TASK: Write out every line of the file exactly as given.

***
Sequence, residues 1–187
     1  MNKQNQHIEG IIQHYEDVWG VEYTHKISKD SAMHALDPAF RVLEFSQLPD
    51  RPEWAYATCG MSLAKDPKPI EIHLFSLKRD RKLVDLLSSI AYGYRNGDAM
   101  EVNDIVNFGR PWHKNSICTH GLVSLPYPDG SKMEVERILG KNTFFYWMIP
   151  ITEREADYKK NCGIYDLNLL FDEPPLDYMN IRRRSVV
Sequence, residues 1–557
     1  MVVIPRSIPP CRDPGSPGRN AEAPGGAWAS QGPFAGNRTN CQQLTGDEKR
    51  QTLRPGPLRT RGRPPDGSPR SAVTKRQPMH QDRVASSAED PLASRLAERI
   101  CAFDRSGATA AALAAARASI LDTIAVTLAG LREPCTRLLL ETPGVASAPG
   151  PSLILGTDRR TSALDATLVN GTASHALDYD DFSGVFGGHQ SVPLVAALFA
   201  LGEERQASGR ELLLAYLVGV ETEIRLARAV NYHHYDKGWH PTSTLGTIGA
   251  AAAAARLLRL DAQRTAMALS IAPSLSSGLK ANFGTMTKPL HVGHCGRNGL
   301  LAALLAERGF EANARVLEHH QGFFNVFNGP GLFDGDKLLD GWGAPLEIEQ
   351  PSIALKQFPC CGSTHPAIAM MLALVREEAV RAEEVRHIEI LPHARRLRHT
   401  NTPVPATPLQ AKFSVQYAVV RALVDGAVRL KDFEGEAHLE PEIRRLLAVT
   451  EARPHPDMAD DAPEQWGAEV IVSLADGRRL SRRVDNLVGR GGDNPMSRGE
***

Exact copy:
Sequence, residues 1–187
     1  MNKQNQHIEG IIQHYEDVWG VEYTHKISKD SAMHALDPAF RVLEFSQLPD
    51  RPEWAYATCG MSLAKDPKPI EIHLFSLKRD RKLVDLLSSI AYGYRNGDAM
   101  EVNDIVNFGR PWHKNSICTH GLVSLPYPDG SKMEVERILG KNTFFYWMIP
   151  ITEREADYKK NCGIYDLNLL FDEPPLDYMN IRRRSVV
Sequence, residues 1–557
     1  MVVIPRSIPP CRDPGSPGRN AEAPGGAWAS QGPFAGNRTN CQQLTGDEKR
    51  QTLRPGPLRT RGRPPDGSPR SAVTKRQPMH QDRVASSAED PLASRLAERI
   101  CAFDRSGATA AALAAARASI LDTIAVTLAG LREPCTRLLL ETPGVASAPG
   151  PSLILGTDRR TSALDATLVN GTASHALDYD DFSGVFGGHQ SVPLVAALFA
   201  LGEERQASGR ELLLAYLVGV ETEIRLARAV NYHHYDKGWH PTSTLGTIGA
   251  AAAAARLLRL DAQRTAMALS IAPSLSSGLK ANFGTMTKPL HVGHCGRNGL
   301  LAALLAERGF EANARVLEHH QGFFNVFNGP GLFDGDKLLD GWGAPLEIEQ
   351  PSIALKQFPC CGSTHPAIAM MLALVREEAV RAEEVRHIEI LPHARRLRHT
   401  NTPVPATPLQ AKFSVQYAVV RALVDGAVRL KDFEGEAHLE PEIRRLLAVT
   451  EARPHPDMAD DAPEQWGAEV IVSLADGRRL SRRVDNLVGR GGDNPMSRGE